In last year's national championship game, Florida's Joakim Noah thumped his chest, yelled to the crowd and blew a kiss at a cheerleader. The always stoic Greg Oden of Ohio State does not expect to display that type of emotion in Monday's national title game, saying that his mother would never tolerate it.
But Oden, the public introvert, and Noah, the unabashed extrovert, share a common philosophy about what Noah calls "living in the moment." Both will be high NBA draft picks whenever they turn professional, but neither has shown a rush to leave the college game behind.
Their mere desire to attend college has helped create a championship game collision between two transcendent big men that would have been almost inconceivable as little as five years ago.
Instead of looking forward, they have been soaking in the college experience, at least for this season. In an age where elite players often look for the quickest route out of college, both Oden and Noah said they have grown through campus experiences both in basketball and life.
"I love college," Noah said.
"I enjoy my classes," Oden said.
Until Noah returned for his junior season, no player this decade who had been named the Final Four's most outstanding player returned to school the following season. And before the NBA imposed a minimum age requirement, any center of Oden's stature and reputation likely would have made the jump from high school to the NBA.
With a tennis legend as a father, Noah didn't need the immediate financial boost and chose to try to "make history with friends" and become the first repeat national champion in 15 years. Long before the NBA implemented its age rule, Oden repeatedly said he wanted to attend college in part because he didn't feel he was ready to play professionally.
Whether Oden would have attended college if the age restriction were not in place remains a subject of debate, but ESPN analyst Fran Fraschilla said the rule has "set up the possibility for the first time in two decades of seeing great college big men on the floor at the Final Four. It's like watching dinosaurs in that movie years ago, 'Jurassic Park,' the behemoths."
The on-court duel between the 7-foot Oden and the 6-11 Noah could go a long way in determining which team wins the national championship. And it matches diverse individuals who have enjoyed the school year, even as many outsiders speculated on their draft status.
Oden said he has an appreciation for Noah for returning to school because "you have guys willing to stay for the [experience] of school and education, rather than go for the quick bucks they know they can make."
Noah shares a respect for Oden because of how he has handled the attention and scrutiny he attracted long before he got to Columbus.
"It was crazy," Noah said of Oden. "He had not even played a college basketball game, and you guys were comparing him to the greats of the game. And he is. He is a great player. I respect more of what he has done. He doesn't like none of this, none of this attention. And it must be tough."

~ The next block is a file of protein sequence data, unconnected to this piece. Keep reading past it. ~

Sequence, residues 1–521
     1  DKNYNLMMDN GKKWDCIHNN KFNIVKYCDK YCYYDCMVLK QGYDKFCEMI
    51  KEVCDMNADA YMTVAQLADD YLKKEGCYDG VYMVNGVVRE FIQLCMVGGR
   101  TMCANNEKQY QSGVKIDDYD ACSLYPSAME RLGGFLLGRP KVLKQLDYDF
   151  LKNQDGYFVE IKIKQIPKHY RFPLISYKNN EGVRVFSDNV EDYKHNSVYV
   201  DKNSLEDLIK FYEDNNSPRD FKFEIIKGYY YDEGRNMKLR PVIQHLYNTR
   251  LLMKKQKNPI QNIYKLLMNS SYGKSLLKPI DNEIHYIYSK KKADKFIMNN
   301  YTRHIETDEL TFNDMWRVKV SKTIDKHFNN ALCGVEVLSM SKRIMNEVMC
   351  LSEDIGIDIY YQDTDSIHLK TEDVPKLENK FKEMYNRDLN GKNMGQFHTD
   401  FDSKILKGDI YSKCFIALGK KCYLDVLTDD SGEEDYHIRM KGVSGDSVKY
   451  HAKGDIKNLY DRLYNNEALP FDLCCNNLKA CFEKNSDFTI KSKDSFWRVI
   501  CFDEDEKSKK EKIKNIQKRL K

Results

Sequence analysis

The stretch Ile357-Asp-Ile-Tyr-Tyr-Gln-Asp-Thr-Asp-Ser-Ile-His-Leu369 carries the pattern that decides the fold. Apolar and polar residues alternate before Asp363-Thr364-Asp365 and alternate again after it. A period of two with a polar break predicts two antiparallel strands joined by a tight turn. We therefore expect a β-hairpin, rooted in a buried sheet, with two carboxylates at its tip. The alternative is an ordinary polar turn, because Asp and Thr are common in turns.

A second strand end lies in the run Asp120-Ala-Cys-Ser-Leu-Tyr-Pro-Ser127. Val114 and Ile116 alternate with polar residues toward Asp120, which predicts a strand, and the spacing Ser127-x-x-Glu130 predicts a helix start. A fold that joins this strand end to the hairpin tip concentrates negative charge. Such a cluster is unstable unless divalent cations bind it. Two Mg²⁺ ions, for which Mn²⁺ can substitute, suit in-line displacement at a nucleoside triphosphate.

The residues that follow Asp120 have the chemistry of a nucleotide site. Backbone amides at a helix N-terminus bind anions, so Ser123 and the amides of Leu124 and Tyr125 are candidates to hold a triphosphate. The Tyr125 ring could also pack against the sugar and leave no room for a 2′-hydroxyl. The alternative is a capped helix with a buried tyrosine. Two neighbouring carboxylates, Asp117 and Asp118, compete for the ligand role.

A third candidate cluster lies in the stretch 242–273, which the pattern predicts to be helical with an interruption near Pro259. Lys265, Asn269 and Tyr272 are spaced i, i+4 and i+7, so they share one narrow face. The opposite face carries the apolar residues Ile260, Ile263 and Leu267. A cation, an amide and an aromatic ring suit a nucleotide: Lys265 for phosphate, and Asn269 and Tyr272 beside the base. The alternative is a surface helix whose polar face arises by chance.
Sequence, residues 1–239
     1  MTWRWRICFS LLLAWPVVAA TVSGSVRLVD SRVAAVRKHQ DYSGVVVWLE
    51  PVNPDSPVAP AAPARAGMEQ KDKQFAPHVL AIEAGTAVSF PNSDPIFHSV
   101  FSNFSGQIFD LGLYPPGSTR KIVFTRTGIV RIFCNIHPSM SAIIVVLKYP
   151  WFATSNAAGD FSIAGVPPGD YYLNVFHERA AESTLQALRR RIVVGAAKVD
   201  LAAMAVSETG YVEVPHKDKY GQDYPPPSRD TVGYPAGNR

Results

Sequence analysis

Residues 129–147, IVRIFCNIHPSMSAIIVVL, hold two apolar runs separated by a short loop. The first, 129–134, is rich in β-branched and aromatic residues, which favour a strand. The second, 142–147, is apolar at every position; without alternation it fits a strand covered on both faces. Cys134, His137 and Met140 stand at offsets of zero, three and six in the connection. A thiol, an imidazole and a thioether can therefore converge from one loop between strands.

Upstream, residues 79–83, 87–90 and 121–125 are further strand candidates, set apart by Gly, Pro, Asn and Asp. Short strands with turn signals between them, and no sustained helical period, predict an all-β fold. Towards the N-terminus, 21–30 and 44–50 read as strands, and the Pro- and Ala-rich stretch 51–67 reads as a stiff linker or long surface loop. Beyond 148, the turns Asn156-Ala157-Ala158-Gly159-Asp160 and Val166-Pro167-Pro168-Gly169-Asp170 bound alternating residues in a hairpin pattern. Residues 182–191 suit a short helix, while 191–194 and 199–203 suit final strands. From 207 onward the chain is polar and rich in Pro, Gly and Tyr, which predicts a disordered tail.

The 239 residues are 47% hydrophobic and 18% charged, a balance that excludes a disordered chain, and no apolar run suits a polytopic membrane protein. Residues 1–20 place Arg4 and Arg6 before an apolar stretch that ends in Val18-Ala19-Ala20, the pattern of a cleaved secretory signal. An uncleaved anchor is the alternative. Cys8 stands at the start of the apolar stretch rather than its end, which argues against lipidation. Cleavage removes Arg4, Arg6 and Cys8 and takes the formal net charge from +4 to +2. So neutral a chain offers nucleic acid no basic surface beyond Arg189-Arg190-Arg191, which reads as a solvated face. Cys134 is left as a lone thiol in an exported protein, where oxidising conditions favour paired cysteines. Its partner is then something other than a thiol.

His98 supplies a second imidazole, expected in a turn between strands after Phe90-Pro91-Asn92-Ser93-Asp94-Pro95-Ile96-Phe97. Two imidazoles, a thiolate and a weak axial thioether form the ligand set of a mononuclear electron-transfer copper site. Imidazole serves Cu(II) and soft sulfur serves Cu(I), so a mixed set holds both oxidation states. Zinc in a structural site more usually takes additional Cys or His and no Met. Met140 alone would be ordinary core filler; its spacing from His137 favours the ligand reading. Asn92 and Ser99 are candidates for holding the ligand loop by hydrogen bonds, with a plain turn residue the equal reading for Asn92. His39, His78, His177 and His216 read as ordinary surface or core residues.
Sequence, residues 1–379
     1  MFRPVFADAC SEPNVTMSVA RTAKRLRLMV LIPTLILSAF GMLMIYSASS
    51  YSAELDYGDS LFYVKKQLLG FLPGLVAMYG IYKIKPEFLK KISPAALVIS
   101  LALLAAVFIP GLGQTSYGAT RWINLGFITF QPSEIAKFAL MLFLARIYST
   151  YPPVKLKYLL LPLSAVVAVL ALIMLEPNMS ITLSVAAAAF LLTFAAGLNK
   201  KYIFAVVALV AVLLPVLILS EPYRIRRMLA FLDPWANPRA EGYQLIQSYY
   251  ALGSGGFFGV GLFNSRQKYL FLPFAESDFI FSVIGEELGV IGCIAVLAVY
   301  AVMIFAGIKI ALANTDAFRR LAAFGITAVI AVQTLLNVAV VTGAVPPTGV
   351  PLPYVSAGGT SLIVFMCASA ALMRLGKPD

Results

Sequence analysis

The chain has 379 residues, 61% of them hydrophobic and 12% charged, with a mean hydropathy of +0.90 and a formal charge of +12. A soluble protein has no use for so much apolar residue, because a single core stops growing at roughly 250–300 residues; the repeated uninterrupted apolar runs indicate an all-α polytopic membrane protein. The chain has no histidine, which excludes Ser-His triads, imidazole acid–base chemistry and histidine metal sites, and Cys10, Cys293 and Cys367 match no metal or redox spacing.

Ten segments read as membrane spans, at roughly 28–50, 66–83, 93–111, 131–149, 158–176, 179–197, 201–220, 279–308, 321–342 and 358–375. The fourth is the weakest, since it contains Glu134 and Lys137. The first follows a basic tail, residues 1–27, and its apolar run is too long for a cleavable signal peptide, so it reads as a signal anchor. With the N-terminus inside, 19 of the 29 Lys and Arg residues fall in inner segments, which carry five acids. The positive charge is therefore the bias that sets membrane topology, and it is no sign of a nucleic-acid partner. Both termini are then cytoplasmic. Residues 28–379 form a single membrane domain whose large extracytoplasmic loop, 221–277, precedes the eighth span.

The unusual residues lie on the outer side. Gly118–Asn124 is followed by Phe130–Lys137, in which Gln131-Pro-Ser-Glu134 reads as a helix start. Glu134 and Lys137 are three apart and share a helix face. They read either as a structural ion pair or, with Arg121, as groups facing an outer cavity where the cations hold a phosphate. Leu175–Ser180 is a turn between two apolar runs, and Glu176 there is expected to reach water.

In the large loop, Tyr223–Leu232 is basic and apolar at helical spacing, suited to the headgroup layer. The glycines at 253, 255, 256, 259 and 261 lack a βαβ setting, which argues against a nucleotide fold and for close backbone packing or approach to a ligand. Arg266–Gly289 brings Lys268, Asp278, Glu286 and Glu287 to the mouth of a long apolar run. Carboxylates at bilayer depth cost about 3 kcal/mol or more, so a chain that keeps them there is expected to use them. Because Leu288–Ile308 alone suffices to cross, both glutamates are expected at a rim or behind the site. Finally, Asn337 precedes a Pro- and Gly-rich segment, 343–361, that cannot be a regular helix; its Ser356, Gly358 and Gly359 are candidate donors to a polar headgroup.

Both players held court during lengthy news conferences Sunday, where they joked with reporters at times and shared candid stories about their journeys, in both life and basketball, over the past few years.
Throughout high school, Noah was not a celebrated prospect; he was best known as the son of tennis legend Yannick Noah. Oden, on the other hand, was viewed as the game's next great big man, a new generation's Tim Duncan or Bill Russell, not long after he graduated middle school.
The attention was not sought by Oden, who was polite but somewhat reluctant when engaging reporters during high-profile summer basketball events. After a year of college, Oden has shown signs of a more engaging public persona.
"He is getting more self-assured as he gets older," said Jack Keefer, Oden's high school coach. "But he is still going to be a tender and thoughtful person."
The 19-year-old still relishes being a teenager. Oden talked about how much he enjoys going to a place called GameWorks, which has go-karts and various arcade games. "Great place for a date," he said.
He talked about the burden of needing to read five books in 10 weeks for a history class, and about how much he enjoyed Biology 101, in which 600 students attend the lecture. "Four hundred girls," Oden added.
Doesn't Oden have a girlfriend?
"I do," he said. "It's good to just watch."
Noah also had his favorites this school year. He talked about the African studies class, which he found invaluable even though he did not earn a particularly good grade.
"The grade doesn't always matter," Noah said before adding, "That doesn't sound good."
Noah's world has been a whirlwind since winning last year's national championship. He has become the target of what he sees as excessive attention and scrutiny. Because of that, he said the season has not always been fun, but the experience has been priceless.
In theory, Noah and Oden have a chance to reunite next season in the Final Four and further enjoy college life. But the two unique individuals are expected to again take the same route. When asked about the two returning, Fraschilla shook his head and said, "I don't think that is going to happen."